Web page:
You need to consider any other characteristics that may increase or decrease risks of harm to children, including the risk of children experiencing cumulative harm. You should consider your user base, design features, algorithmic systems, your business model, any user protection or risk mitigation measures, and other relevant aspects of the service’s design and operation, and the way it is used to make this assessment. You should gather evidence about your service – our draft guidance includes a recommended list including user report and complaints, for example. Our guidance also includes information about how you might assess the risks to children in different age groups on your service.

Based on this information, you should decide how likely it is that children could encounter content harmful to children on your service and what the impact could be. This will help you decide whether each kind of content harmful to children is low, medium or high risk. Our draft guidance provides more information on how to make these judgements.

What you can do now

Think about your service, what its features are, and what evidence you need about risks of harm.

Step three: Decide measures, implement and record

You’ll need to:

  • Decide on the appropriate online safety measures for your service to reduce risk of harm to children
  • Consider any additional measures that may be appropriate on your service to protect children
  • Implement all safety measures
  • Record the outcomes of the children’s risk assessment

Next, you need to decide how to address the risks you have identified – this is part of your related children’s safety duties under the Act. One way to meet your duties is to apply the relevant safety measures set out in Ofcom’s Children’s Safety Codes (currently subject to consultation), such as measures around content moderation, reporting and complaints, default settings and user tools.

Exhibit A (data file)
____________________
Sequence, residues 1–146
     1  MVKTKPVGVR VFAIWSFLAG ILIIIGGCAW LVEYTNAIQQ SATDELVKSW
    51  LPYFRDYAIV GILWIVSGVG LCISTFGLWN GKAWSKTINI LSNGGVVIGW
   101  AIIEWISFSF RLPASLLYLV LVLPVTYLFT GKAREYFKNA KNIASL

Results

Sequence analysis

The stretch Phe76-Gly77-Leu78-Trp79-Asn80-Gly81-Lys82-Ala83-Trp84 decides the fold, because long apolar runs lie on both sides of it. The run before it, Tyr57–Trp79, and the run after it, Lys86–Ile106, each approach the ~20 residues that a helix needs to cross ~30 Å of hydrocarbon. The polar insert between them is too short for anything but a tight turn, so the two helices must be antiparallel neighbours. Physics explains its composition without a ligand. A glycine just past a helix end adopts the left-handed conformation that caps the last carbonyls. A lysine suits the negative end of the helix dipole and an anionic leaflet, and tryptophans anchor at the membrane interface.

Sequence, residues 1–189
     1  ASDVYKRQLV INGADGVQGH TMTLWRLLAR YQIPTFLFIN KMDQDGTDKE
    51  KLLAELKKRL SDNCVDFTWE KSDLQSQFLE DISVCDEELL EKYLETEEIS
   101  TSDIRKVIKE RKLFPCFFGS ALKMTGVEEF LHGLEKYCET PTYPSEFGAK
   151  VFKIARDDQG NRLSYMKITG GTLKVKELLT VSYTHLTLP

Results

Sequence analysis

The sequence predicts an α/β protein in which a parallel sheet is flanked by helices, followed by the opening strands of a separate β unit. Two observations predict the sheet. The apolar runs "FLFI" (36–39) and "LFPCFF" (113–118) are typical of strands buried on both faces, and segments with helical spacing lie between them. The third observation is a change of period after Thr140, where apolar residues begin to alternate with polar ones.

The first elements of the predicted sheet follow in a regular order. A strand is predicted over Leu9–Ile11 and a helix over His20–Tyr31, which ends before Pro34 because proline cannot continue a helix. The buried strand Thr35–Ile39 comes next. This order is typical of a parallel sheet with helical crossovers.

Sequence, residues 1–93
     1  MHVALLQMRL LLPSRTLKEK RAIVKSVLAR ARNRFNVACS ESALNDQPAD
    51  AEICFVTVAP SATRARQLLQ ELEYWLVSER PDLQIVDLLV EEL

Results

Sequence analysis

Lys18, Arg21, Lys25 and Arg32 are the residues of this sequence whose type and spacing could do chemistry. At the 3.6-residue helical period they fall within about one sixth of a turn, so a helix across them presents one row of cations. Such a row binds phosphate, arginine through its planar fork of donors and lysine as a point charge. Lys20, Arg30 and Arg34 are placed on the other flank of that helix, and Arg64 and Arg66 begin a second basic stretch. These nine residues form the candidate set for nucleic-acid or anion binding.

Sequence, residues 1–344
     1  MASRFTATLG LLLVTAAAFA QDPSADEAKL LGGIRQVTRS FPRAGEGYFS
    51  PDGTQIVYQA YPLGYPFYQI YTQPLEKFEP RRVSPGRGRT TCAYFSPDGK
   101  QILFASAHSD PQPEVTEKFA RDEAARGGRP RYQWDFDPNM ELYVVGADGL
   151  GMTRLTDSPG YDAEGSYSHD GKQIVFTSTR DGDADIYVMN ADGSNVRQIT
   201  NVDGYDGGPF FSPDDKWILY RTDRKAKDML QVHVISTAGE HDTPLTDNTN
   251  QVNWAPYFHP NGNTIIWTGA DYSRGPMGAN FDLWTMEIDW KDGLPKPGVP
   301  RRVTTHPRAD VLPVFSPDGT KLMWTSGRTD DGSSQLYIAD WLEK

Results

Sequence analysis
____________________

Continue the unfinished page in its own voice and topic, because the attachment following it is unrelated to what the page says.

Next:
You will then need to implement all measures to mitigate and manage risks of harm to children and record the outcomes of the children’s risk assessment. We have provided draft guidance on what your record needs to include.

What you can do now

Look at the quick guide to our draft Children’s Safety Codes, which summarises the safety measures that different services may need to use.

Step four: Report, review and update risk assessments

  • Report on the risk assessment and measures via relevant governance channels
  • Monitor the effectiveness of mitigation measures
  • Review (and update) your risk assessment

Where possible, we recommend that you consider reporting your children’s risk assessment outcomes and online safety measures to a relevant internal governance body to review. Smaller services are less likely to have formal organisational governance structure such as oversight boards or internal assurance functions. However, you can still improve the oversight of risks by reporting to a senior manager with responsibility for online safety duties for risk of harm to children.

To keep your children’s risk assessment up to date, our proposals recommend reviewing it annually. You also need to review your assessment if Ofcom makes a significant change to the Children’s Risk Profiles. If you are planning to make a significant change to your service, you need to do a new children’s risk assessment before making the change. Our draft guidance covers this in more detail.

What you can do now

Give someone responsibility for getting your business ready for the new Online Safety duties and the children’s risk assessment you’ll need to do in future.

For full details, you can read our draft Children’s Risk Assessment Guidance (PDF, 1.0 MB) and respond to our consultation. If you have views on our proposals, we’d love to hear from you.